Wildfire activity has increased in Texas, and accelerated drying has elevated the potential for new wildfire ignitions, the Texas A&M Forest Service said.
According to the Texas A&M Forest Service, new wildfires will become increasingly difficult to put out if the current temperatures and drying conditions continue into August as forecasted.
"Vegetation is rapidly losing moisture due to consecutive days of extremely high temperatures," Brad Smith, Texas A&M Forest Service Predictive Services Department Head, said. "Grass that was green five days ago has wilted and turned brown under the accelerated drying produced from the extreme heat. It will be quite difficult to replenish this lost moisture during the normally dry months of July and August."
News from around the state of Texas.
Rich Gray, Texas A&M Forest Service Chief Regional Fire Coordinator, reported that state resources have been "extremely busy" responding to the increased wildfire activity across Texas as conditions continue to quickly deteriorate.
"Much of Texas is primed for wildfires right now," Gray said. "While it's important for individuals to take steps to prepare and protect their homes and families for a wildfire, I would also urge Texans to think about protecting our first responders, too-especially during the COVID-19 pandemic-and prevent a wildfire from ever starting."
Since the beginning of July, Texas A&M Forest Service and local fire departments have responded to 155 wildfires that burned 27,889 acres across the state.
Many of the recent wildfires have been attributed to humans and activities like equipment use and debris burning. According to the Texas A&M Forest Service, these kinds of fires are preventable.
"It is up to residents to take the first steps in protecting their families, homes and property, long before the fire even starts," Kari Hines, Texas A&M Forest Service Firewise Coordinator, said. "Local firefighters rely on us all to be prepared for wildfires and create a safe environment for them to operate in by creating defensible space around our homes."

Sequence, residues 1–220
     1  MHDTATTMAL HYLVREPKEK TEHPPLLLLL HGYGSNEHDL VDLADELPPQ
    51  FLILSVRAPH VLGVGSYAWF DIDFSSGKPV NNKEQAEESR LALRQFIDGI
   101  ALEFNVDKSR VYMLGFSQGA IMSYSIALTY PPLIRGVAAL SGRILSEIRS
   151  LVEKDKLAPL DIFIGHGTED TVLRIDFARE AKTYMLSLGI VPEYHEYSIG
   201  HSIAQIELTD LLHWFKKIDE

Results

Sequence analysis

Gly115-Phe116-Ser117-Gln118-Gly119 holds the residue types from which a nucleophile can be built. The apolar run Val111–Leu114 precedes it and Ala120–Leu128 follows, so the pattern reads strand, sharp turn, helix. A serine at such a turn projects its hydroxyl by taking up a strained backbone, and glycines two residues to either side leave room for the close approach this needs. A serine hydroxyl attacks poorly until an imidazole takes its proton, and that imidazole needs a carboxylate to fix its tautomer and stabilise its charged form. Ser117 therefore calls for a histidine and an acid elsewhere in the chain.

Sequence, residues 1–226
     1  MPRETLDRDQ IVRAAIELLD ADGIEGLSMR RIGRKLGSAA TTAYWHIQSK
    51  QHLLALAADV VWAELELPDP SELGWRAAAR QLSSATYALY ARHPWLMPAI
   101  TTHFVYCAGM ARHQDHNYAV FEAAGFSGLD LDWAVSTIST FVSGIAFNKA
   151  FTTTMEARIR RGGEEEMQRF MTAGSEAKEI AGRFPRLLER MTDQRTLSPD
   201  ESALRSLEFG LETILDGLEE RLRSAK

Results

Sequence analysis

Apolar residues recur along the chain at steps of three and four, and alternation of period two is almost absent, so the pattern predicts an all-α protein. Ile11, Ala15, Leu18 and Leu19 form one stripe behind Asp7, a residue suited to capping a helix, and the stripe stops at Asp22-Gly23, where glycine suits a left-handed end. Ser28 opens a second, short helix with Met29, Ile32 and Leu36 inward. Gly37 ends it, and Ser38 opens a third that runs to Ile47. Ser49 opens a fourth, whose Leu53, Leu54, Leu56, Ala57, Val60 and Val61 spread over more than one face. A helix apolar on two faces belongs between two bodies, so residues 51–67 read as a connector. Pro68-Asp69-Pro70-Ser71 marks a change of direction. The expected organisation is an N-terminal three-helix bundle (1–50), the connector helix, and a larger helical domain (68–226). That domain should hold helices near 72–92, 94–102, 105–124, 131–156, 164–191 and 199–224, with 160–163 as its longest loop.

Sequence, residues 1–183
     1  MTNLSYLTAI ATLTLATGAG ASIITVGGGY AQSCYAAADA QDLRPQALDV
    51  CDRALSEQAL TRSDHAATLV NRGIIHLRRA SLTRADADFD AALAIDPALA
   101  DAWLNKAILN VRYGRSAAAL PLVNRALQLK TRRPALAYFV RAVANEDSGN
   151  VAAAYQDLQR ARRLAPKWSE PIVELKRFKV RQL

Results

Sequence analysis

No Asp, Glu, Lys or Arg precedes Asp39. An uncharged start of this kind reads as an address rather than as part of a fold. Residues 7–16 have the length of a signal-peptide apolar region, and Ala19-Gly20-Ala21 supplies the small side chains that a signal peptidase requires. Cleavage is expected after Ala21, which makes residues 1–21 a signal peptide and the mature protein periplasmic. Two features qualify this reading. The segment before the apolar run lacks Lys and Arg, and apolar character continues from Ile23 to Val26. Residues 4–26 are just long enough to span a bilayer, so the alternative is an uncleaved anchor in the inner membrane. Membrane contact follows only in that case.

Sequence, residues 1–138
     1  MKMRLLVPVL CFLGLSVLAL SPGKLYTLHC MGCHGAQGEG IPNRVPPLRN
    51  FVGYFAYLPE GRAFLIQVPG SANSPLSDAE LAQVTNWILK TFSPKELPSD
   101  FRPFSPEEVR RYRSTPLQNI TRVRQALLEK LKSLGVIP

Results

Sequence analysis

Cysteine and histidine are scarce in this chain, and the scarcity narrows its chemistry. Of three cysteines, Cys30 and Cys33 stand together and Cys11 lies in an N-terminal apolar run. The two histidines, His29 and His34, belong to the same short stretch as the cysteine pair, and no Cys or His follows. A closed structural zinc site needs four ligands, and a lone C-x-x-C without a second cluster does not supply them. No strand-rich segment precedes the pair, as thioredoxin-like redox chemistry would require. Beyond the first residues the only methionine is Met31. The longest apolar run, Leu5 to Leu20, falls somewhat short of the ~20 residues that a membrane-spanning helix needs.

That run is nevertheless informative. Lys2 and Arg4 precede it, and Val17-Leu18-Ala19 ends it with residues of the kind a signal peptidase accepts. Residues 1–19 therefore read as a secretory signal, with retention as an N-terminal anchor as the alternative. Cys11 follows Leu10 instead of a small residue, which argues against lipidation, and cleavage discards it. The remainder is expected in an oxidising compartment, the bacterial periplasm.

Preparing for a wildfire requires everyone to take responsibility for protecting themselves, their family, and their property, the Texas A&M Forest Service said.
Individuals should create defensible space around their homes to allow for low intensity, slow-burning conditions in the event of a wildfire.
Such defensible spaces should involve non-flammable landscaping materials within the first five feet of the home. Within the first 30 feet of the home, plants, trees, and mulch should be watered regularly.
Homeowners should consider xeriscaping if they are affected by water restrictions, the Texas A&M Forest Service said.
A healthy, well-maintained landscape is important to the survival of homes during a wildfire. Make sure your plants are carefully spaced, low growing and free of resins, oils and waxes that burn easily.
Maintaining a healthy, low-growing landscape that is free of oils, resins, and waxes, removing dead vegetation within 10 feet of the home, and pruning trees six to 10 feet up from the ground are important steps in ensuring the survival of a home during a wildfire.
According to the Texas A&M Forest Service, if a wildfire is spotted, individuals should immediately contact local authorities.